Slow thinking

I’m a slow-thinker. It took me a long time to realize this. That’s partially because I am a slow-thinker, but mostly because I assumed that some of my other innate traits were dichotomies. For example, I’m quick-witted; if you want a zinger, I’m here for it. I can lead and shape conversations. One-liners, puns, quick recall from five minutes ago — all of that is stuff I’m pretty adept at. And yet, I think fairly slowly.

For years, it’s driven my husband a little bit bonkers that I won’t respond right away when we start discussing weighty subjects. Sometimes not even the same day. And I get it; that’s really a frustrating trait. I’ve gotten marginally better at engaging and talking through my stilted thought process. But I’m still really bad at it.

I’ve also spent a lot of time alternating with struggling with impostor syndrome or outright ignoring my impostor syndrome because sometimes I see a wall of text (say a P2 post at work) and I just think “What.” I cannot cognitively absorb it. I keep posts open for several days and re-read them (often in different order, like going over a particular section more often one day, vs top-to-bottom reading). But once I’ve absorbed it, I’ve got it. And, counterintuitively, big concepts I grasp right away. I see the big concept, I get the reasoning, the direction, the expected effects, etc. I can extrapolate a lot of that from a high-level concept, even if it’s just a couple of lines long.

I think my slow thinking ways have prepared me to engage in high-touch but brief sessions. The length of a conversation. A townhall lasting 60 minutes. A presentation, a workshop. I can be 100% there and contribute to a particular depth. And then I need to shut down for a little bit and do rote work or sit silently so I can recharge my brain. The depth of understanding that I think I am able to reach by slow thinking, routinely, enables these much shorter flashes of wit. Also, once I have adequately prepared, I can merge more effectively the quick-witted and slow-thinking parts of my brain. So in a presentation, I can speak off the cuff with substance and in a meaningful way, because it’s not actually off the cuff; it’s just that I’ve aligned all the thinking I’ve done on a particular topic temporarily.

I think my impostor syndrome at not being able to cognitively recognize and begin analyzing a post or longer, more detail-studded store of knowledge is misplaced. I’m not geared to shallow understanding, and I’m not incapable of insight. I can think critically and I can do it well. It just takes me time. I used to feel sheepish if I commented on an important P2 post long after most other people, especially when others said much, much faster the things I wish I had thought of. But I’d still take the effort to comment, to help break myself out of that cycle. My peers’ quick thinking is wonderful, we’re lucky to have it as a company, and I don’t resent it. I also no longer envy it. I’m a slow-thinker, and dredging through a long, weighty post is useful for me, in the long run. Perhaps it’s related to having a different brain wiring due to dyslexia, but maybe it’s not. Likely that would be impossible to determine categorically, so we won’t worry about it, but I think it a little bit.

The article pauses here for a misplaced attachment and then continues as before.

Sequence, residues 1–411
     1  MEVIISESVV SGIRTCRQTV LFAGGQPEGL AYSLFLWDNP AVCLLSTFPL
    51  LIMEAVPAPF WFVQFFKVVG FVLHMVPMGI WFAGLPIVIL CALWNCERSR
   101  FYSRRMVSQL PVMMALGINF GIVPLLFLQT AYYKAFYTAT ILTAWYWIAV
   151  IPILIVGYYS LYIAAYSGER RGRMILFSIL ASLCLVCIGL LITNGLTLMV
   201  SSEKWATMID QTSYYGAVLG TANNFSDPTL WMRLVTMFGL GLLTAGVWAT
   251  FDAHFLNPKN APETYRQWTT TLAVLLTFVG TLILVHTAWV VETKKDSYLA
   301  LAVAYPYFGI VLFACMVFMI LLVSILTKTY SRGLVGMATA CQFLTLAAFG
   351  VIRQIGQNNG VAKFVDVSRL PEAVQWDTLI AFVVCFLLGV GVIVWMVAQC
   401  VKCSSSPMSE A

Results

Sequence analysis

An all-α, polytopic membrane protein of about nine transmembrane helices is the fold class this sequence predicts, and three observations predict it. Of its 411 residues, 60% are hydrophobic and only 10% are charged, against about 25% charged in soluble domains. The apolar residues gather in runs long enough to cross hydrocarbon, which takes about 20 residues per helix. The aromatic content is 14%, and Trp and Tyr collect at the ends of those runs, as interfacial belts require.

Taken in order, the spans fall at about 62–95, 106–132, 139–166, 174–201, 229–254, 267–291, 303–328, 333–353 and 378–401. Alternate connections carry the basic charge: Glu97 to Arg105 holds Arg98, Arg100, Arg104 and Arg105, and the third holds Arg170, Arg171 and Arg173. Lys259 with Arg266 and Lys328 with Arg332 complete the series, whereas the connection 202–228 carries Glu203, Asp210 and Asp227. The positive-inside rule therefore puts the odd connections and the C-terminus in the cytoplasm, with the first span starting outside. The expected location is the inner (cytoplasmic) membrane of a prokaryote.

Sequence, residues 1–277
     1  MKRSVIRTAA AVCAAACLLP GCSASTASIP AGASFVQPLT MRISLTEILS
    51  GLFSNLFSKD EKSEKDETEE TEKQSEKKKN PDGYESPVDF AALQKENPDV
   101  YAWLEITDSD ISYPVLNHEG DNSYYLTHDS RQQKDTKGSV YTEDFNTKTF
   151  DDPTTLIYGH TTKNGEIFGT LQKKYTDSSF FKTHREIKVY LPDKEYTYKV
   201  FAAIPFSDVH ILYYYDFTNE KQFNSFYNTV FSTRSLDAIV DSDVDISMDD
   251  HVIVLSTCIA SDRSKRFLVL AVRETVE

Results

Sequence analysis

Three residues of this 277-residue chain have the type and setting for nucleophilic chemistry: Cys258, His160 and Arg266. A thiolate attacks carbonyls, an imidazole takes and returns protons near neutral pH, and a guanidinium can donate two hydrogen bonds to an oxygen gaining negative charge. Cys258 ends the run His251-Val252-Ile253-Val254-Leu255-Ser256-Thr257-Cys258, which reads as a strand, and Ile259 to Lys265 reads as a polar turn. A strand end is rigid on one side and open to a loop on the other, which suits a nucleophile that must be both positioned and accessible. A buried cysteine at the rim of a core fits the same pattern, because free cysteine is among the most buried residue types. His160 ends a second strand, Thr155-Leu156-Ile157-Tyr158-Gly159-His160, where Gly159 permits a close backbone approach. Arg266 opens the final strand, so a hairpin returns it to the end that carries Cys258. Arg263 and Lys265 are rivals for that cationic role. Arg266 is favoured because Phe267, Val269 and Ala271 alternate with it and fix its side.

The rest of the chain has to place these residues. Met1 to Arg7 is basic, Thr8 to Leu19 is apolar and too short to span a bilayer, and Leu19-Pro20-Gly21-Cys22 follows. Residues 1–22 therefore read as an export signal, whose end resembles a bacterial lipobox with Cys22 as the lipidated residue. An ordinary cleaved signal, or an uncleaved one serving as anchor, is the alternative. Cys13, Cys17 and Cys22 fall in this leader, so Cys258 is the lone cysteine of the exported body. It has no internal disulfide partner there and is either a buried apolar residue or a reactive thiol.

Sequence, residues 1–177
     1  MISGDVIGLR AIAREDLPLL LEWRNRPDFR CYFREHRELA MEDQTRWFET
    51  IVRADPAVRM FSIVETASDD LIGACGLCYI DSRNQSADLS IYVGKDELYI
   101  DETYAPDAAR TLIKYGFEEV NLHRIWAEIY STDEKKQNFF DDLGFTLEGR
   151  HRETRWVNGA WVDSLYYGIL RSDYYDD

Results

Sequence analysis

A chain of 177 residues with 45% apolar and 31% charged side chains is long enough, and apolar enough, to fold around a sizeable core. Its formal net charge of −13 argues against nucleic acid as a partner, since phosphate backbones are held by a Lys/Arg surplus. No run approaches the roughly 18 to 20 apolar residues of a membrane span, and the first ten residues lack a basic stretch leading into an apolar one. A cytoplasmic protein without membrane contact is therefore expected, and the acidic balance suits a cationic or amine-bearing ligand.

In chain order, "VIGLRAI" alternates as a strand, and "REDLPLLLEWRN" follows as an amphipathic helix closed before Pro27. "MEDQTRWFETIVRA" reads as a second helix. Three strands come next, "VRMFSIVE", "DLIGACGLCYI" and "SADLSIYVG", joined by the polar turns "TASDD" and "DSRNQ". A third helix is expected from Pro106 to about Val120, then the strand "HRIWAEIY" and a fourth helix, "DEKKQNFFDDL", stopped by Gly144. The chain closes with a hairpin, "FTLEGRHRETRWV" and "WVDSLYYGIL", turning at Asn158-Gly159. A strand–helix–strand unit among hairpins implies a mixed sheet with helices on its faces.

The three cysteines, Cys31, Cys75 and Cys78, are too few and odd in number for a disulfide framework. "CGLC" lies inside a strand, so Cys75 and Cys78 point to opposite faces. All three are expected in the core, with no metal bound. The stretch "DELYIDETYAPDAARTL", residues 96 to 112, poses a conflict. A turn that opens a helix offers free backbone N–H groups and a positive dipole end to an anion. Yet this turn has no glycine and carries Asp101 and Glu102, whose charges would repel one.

I recently changed my Twitter follows to be mostly animals, paintings, and literary accounts. The slow-thinking taxation of being confronted by incredibly complex, multi-faceted world problems in a daily tidal wave got damaging. It’s not just that there are big problems out there that I think we have to confront and fix, it’s that I couldn’t stop the slow molasses wheels in my brain from puzzling over all these various problems, with little useful effect. I care deeply about these problems. But via Twitter isn’t how I’ll contribute, so I deliberately moderated that information input. Now it’s a mostly joyful place for me to visit, though I still follow enough other accounts to be aware of the trajectory of some of these problems, but without the unceasing echos.

I’ve long been in the habit of saying “I don’t know, let me get back to you.” And sometimes I actually do know, but I haven’t finished thinking about it yet. That’s something that has taken me a long time to realize as well. I don’t always need fresh input to come to a conclusion, just because I don’t have an answer in the moment. Of course, the reverse is true: sometimes I do need additional input, but until I’ve had a chance to wade to a certain depth, I can’t tell if I’m going to need a boat or can swim on through. If I haven’t had adequate pre-thinking time, I can get flustered in the moment (I’m sure this is true of many people), and I’ve allowed myself to give poor answers in the past because an instant answer is demanded; or so it seemed. Now, though, I’m ostensibly a grown-up. I can ask for more time, and more time is available. This is different from knowing that something is required of you and under-preparing. I’ve also done that, and I do not recommend. The best offense is a good defense; my mantra is “if being asked something makes me nervous, know that thing better.”

All this to say, slow-thinking is a fine way to exist. It’s not bad; it’s just the way that I cognitively, systematically address my ignorance and figure out my own alignment on any given concept. Just… gimme a minute.

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